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        30 Photos of Typewriters

        30 Photos of Typewriters

        The typewriter. It's one of those things that can easily evoke a sense of nostalgia. With high-tech gadgets and gizmos here and there, not a lot of people use typewriters these days. But there was a period not long ago when typewriters were the hottest trend. It’s a good thing that there are still some people and companies that opt to use a typewriter instead of a fancy computer to do their work.

        Did you know that:

        • There are five classifications of typewriters: standard, portable, electric, electric portable, and electronic. The standard typewriter is stationary because it weighs a lot (about 15 to 25 lbs.), but it can also hold larger kinds of paper. The portable typewriter is more compact than the standard unit. It was designed for easy movement and storage. The electric typewriter is heavier than the standard unit due to its motors and electrical parts but are more user-friendly. The electric portable typewriter is smaller and lighter than the electric unit and other desktop machines. It also has a case and a power cord. The electronic typewriter is the lightest in weight and is closely related to laptops.
        • It was believed that the first typewriter ever invented was by Henry Mill in 1714. Historians also noted that Mill received a patent for his invention. Other early models of typewriters were designed by Pelligrino Turri in 1808 – who happened to invent carbon paper as well – and William Austin Burt in 1892. Carlos Glidden and Christopher Lathom Sholes were granted a patent for their typewriter design in 1868. Sholes initially developed the typewriter to print page numbers for books. Glidden suggested doing a design to type letters instead. Their invention was the first commercially successful typewriter.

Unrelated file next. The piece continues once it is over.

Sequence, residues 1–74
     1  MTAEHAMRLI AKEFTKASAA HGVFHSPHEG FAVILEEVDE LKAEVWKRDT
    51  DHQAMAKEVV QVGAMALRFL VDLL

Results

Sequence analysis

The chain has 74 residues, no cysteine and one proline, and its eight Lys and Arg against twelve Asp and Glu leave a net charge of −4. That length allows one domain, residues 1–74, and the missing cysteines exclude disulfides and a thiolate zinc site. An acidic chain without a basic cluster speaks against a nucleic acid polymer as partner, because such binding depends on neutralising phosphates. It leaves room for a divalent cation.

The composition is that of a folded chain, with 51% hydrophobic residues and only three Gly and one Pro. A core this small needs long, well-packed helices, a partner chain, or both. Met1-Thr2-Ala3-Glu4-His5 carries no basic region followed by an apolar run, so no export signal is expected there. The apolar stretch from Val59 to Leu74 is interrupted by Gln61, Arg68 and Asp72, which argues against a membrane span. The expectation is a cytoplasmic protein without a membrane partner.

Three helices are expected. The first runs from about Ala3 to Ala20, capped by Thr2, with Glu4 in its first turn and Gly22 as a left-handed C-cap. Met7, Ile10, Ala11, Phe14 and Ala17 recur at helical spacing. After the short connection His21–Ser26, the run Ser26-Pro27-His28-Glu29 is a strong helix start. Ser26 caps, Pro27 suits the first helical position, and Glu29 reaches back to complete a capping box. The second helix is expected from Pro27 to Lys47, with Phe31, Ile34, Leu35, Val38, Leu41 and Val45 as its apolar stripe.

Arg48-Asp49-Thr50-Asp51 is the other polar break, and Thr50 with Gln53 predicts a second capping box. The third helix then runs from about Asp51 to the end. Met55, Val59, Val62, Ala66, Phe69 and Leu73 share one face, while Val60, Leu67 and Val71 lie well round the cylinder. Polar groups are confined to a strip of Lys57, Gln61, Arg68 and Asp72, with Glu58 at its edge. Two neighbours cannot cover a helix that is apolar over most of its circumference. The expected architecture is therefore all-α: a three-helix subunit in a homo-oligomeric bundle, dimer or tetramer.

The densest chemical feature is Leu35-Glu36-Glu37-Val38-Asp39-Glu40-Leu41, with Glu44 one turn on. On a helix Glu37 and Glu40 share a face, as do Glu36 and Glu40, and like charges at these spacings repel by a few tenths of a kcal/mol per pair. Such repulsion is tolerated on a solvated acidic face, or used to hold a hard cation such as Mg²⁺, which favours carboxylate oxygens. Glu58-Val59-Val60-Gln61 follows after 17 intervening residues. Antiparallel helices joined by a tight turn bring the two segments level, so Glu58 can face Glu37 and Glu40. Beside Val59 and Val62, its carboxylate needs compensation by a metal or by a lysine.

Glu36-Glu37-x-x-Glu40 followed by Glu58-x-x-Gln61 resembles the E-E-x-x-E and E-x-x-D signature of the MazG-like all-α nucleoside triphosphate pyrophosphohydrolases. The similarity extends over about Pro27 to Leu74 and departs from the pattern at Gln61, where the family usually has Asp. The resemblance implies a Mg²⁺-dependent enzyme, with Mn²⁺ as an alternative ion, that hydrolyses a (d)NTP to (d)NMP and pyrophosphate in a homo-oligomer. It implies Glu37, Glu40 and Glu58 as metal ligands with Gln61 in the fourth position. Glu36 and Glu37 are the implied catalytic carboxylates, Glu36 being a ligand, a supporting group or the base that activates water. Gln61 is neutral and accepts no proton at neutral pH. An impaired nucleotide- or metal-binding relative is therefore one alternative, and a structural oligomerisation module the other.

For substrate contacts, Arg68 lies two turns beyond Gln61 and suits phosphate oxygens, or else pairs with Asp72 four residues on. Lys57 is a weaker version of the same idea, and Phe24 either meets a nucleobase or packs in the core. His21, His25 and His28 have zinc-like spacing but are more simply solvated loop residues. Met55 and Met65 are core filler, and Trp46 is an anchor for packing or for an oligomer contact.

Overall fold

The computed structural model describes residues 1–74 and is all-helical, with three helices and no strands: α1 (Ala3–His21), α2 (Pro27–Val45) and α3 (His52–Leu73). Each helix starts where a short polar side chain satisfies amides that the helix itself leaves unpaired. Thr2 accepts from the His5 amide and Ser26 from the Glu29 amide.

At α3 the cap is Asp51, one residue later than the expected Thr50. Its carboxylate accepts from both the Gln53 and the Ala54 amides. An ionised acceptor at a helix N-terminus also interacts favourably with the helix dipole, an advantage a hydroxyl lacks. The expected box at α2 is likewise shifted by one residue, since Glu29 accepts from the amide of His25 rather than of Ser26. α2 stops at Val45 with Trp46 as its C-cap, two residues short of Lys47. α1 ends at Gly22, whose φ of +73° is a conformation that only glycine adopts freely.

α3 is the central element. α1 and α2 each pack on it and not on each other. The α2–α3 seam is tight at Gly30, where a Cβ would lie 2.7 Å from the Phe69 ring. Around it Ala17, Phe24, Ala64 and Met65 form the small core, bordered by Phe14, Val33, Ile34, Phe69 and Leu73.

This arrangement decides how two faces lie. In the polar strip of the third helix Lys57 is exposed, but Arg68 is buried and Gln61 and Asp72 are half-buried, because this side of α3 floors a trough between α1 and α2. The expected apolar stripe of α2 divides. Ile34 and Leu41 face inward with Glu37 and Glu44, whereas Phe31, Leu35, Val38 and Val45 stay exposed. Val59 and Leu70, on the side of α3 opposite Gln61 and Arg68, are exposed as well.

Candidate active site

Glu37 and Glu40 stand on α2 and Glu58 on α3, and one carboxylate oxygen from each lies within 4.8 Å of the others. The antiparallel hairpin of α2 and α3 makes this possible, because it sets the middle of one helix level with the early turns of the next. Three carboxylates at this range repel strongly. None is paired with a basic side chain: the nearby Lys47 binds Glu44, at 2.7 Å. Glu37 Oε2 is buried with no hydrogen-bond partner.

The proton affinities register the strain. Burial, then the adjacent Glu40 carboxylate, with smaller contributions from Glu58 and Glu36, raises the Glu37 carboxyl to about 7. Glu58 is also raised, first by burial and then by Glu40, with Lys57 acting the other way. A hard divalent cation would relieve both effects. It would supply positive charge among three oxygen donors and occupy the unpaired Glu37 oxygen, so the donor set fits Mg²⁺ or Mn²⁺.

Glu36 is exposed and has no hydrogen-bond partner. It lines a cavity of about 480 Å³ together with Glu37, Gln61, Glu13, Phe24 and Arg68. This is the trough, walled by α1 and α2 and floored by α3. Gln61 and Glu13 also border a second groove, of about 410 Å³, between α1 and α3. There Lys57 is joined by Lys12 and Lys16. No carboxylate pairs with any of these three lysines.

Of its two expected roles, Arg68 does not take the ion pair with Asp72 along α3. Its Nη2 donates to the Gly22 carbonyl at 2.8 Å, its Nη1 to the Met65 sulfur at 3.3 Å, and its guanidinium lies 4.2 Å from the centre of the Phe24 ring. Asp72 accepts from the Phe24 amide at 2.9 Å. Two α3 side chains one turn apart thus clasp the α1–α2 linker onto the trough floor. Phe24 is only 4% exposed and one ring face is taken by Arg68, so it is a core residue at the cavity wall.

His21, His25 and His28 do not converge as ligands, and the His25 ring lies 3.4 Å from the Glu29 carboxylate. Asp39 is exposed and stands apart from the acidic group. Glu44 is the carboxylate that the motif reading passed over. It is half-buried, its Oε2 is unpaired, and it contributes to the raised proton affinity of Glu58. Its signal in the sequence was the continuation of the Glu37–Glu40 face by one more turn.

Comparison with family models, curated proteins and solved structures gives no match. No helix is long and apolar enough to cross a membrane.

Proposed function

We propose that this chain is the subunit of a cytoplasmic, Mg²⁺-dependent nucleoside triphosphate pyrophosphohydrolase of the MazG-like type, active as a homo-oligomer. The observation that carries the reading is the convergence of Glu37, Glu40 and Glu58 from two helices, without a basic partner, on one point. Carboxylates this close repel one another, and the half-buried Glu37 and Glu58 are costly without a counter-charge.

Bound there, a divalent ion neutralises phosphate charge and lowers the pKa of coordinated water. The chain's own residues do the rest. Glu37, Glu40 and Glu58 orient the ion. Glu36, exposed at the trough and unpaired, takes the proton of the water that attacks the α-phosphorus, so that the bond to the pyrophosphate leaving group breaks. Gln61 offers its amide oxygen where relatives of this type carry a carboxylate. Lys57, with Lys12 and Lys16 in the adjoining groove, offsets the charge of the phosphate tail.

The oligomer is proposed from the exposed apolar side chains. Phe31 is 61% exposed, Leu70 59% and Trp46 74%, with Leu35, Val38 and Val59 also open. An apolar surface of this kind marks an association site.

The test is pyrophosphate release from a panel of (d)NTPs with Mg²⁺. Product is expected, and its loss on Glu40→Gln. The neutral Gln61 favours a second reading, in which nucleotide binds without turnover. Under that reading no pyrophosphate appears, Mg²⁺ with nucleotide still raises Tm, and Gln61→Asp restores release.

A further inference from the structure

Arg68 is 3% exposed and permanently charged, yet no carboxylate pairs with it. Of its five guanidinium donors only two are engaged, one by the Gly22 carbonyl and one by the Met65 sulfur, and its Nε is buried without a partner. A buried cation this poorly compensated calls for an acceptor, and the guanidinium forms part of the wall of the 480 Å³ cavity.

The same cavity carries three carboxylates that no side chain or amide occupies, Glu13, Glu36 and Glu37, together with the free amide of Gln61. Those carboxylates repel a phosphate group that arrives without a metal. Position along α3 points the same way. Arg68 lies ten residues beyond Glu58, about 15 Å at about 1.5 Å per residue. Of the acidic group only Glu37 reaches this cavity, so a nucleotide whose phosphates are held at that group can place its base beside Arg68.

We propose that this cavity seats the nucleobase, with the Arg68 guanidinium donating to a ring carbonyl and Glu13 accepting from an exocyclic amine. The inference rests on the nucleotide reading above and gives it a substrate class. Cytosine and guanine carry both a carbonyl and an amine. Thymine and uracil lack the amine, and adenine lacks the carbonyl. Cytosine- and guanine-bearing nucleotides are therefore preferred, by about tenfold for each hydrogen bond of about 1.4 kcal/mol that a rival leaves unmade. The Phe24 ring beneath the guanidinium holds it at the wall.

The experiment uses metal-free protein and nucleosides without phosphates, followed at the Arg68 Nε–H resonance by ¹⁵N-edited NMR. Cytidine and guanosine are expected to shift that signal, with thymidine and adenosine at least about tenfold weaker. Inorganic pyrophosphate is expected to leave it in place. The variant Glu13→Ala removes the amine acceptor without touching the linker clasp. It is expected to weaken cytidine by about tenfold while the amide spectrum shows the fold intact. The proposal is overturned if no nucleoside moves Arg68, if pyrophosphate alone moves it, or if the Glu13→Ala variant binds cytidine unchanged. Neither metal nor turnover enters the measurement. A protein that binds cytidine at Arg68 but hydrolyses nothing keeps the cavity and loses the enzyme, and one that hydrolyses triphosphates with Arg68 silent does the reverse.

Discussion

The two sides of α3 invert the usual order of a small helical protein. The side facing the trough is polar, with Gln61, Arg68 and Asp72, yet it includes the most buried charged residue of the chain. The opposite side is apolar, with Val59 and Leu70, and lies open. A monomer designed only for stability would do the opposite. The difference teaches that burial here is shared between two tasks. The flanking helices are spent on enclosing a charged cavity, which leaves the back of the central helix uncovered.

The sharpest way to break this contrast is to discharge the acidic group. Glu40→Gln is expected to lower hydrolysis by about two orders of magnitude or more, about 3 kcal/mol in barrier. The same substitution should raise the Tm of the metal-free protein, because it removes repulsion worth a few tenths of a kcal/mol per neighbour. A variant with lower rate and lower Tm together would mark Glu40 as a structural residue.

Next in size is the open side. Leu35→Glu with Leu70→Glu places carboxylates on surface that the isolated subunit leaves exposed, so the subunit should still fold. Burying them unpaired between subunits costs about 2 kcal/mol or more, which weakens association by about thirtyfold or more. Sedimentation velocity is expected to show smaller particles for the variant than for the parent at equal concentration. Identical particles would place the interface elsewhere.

• Glidden and Sholes designed the English QWERTY keyboard layout seen on typewriters, also commonly referred to as the Universal keyboard or the Sholes in 1874. They separated the most common used letters to lessen the chance of finger jamming due to fast typing.
        • The word “skepticism” is the longest you can type on a typewriter where your fingers alternate hitting the keys of every letter. “Perpetuity,” “typewriter,” “proprietor” and “repertoire” are the longest words you can type using the typewriter’s top row of letters.
        • Computers and word processors replaced most typewriters since the late ‘80s. However, they are still omnipresent in developing countries and in prisons where computers are not allowed.


        Here are some typewriter photos that may strike a chord with you.  

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